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Published: September 11th 2018
Our last full day in Vienna was dedicated to Schloss Schonbrunn.
In order to get there, we decided to take the Subway, and were carefully instructed as to how to get there without having to switch lines, which was a very important factor to us even though it required walking to a station further away from the hotel.
Needless to say, we were completely dumbfounded once we got to the station about the, supposedly, simple task of buying whatever ticket we needed for the ride.
We were so frustrated that we were about to give up on the whole idea and just pay for a taxi ride when a gentleman approached us and offered his help. In no time at all we had our tickets, were in the right side of the platform, and were even given advice about our visit. For example, he recommended that we got off at the station following Schonbrunn Station, which was a nicer approach to the palace through the gardens. It was an advice that we really appreciated later, as we enjoyed the beautiful grounds from that direction, which we might have missed otherwise.
I have to say at this time,
that just about everyone we encountered in Vienna was friendly and helpful. We expected rude people, mostly because the taxi driver who took us to the Budapest Rail Station warned us about them, but then he also told us to be careful of gypsies at the station and we never saw even one!
We took the grand tour of the palace, which covers 40 of the 1,441 rooms of the palace. Photography is not allowed. I wish I had been able to take some of some of the rooms. The building itself looks almost plain, and it does not reflect the style inside. They rooms were all luxurious, but some were almost too elaborately decorated, even for the rococo style. However, there were many rooms that were exquisite and many had very personal details of family members. Unfortunately, even though it wasn't the height of the season, it was still crowded which impeded being able to take the time to view some areas. It's hard to take much time looking through a door when there are other twenty people waiting their turn.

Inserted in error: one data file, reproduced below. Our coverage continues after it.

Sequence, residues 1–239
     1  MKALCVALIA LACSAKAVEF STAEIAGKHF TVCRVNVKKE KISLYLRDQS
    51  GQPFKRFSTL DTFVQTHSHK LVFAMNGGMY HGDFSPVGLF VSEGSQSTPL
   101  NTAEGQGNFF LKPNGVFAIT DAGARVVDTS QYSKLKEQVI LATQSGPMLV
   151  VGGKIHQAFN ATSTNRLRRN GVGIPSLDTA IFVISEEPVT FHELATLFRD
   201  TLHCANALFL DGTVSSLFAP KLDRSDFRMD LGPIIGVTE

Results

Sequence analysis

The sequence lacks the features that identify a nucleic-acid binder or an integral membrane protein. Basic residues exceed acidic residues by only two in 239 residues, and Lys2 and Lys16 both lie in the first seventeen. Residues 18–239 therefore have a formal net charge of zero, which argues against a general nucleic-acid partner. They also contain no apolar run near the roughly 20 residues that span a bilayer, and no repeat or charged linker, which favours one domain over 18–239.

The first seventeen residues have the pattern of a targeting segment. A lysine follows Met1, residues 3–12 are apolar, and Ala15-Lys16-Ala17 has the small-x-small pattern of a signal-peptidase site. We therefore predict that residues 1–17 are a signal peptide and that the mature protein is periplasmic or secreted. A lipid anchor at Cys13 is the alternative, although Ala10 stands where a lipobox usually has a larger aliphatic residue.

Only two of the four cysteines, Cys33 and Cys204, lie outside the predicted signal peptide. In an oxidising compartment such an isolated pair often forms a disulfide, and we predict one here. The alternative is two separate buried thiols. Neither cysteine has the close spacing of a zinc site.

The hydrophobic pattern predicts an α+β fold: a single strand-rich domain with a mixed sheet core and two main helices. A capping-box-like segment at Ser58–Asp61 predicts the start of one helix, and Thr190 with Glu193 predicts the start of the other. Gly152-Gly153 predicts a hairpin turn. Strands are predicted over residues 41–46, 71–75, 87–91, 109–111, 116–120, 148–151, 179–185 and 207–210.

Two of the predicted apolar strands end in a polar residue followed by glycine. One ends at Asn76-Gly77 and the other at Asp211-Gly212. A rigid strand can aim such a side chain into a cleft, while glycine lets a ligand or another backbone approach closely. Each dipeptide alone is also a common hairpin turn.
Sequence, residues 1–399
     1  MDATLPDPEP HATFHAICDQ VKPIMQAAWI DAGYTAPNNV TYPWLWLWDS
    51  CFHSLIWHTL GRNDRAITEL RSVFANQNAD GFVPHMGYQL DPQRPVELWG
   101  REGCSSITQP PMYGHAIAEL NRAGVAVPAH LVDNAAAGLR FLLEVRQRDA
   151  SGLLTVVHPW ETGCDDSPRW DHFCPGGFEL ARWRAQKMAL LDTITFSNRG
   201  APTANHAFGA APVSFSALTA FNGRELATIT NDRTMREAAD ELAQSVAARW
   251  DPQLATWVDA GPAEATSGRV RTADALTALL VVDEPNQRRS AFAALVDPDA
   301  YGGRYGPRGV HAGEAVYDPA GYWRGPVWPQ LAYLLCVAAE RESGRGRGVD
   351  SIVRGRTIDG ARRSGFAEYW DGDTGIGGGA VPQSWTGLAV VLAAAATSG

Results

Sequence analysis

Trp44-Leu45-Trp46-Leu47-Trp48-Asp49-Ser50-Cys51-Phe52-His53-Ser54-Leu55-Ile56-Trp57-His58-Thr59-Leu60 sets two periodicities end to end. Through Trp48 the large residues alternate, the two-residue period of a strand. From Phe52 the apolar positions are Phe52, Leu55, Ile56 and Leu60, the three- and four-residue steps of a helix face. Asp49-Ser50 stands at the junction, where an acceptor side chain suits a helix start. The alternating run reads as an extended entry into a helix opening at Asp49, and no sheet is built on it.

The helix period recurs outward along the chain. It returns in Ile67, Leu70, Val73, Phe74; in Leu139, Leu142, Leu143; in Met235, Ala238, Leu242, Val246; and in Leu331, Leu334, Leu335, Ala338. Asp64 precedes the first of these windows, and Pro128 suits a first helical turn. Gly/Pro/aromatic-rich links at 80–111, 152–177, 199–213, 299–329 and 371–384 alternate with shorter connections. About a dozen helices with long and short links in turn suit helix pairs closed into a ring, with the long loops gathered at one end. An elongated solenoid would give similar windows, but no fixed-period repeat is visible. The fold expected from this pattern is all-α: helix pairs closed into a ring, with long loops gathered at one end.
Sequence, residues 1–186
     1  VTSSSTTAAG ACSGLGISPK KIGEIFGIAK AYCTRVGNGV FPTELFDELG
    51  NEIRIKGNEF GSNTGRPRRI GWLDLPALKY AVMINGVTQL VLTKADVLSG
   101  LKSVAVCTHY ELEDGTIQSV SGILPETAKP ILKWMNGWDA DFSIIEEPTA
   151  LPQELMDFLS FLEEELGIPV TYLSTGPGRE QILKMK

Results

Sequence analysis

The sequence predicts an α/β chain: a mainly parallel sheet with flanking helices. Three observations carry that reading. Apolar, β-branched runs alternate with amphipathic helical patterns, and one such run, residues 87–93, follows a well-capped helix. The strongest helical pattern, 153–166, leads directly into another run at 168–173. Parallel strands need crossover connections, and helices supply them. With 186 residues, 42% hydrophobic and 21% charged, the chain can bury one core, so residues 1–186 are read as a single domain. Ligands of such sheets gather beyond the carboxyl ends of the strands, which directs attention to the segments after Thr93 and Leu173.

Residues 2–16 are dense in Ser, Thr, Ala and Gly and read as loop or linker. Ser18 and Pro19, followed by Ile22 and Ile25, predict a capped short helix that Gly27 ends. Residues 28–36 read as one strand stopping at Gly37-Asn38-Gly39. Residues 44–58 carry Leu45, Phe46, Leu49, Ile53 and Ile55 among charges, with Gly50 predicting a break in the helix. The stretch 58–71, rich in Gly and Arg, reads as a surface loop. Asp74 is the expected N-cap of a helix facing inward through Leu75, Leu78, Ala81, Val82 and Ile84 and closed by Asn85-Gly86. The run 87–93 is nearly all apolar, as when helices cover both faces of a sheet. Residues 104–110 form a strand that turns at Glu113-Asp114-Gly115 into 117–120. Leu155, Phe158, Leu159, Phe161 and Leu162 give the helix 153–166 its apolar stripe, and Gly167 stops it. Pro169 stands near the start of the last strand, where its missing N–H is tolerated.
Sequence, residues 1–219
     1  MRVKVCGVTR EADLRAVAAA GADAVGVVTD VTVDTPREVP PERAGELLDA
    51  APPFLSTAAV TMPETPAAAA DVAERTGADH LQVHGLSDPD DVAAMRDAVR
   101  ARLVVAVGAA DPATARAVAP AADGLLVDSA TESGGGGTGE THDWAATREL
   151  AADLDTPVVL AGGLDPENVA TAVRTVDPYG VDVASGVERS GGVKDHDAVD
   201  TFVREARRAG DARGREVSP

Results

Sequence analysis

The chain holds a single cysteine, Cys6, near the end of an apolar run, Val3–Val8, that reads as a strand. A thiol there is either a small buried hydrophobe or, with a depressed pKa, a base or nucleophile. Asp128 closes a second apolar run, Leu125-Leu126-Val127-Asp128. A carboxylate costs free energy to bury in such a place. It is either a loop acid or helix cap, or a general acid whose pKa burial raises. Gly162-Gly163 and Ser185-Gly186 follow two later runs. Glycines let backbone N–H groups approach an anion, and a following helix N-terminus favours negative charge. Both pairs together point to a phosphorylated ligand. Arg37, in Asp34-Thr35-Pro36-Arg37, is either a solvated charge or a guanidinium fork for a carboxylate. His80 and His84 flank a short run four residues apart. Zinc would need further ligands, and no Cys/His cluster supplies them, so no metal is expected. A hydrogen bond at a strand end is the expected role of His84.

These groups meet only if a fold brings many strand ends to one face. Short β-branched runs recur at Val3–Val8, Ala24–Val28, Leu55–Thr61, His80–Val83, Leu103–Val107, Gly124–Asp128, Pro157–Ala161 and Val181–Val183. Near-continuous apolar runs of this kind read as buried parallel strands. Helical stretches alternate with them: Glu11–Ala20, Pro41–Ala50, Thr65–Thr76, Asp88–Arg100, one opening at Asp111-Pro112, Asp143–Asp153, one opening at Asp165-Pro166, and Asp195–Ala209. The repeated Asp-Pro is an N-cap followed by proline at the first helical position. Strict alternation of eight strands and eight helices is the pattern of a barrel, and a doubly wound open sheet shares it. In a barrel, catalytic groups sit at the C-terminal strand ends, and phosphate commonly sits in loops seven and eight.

Afterwards we took the mini train which goes around the grounds, or at least some of
them. We were informed during the ride that the grounds of the palace are almost as large as the principality of Monaco! But we didn't complete the whole ride. We found that ten minutes was not enough of a break to spend at La Gloriette so we stayed behind and took the foot paths down again when we were finished. The view was too pretty to rush through it.
I enjoyed the walk down, and viewing the grounds from different levels. The Neptune fountain, for example, was a landmark I would have hated to miss.
We did ride by the building that housed the bathrooms of the palace servants. I believe staff was about 500 people. And also by the building that was the station for the private train of Franz Joseph.
One other memorable stop was the Palm House, the beautiful building that houses three separate greenhouse environments. The collection of plants was impressive and it was remarkable seeing them inside the amazing architecture of the building.
The whole thing was an unforgettable experience. Not so memorable was the bottled water I bought without realizing that it was from the artesian well that was used
by the court, but it tasted terrible!
Should I even mention that the return train ride proved to be another dilemma? It wasn't hard to get a ticket back from a real person instead of a machine, but we could not understand why we took a direct train there, but we had to change trains on the way back. Eventually, we figured out that we had left from one station, but asked for a ticket to the station closer to the hotel. Eureka!
With some time remaining in the day, we decided to take a closer look at The Rathaus, which I consider one of the most beautiful buildings. Unfortunately, it was under renovation and surrounded by construction equipment. Getting to an area that provided a good view of the building was not possible. I was only able to take a few photos of bits and pieces.
Afterwards, we decided to return to the hotel and have dinner at a restaurant near the hotel that served traditional Vienna food. It was a bit of a disappointment in spite of being one of the most expensive meals of the trip. Oh, well! We probably should have stuck to
the original plan to visit the Naschmarkt, but we really were exhausted.
But, the excitement of the upcoming trip to Prague was coloring everything in a rosy tone, and we could not wait until the next day to get there.
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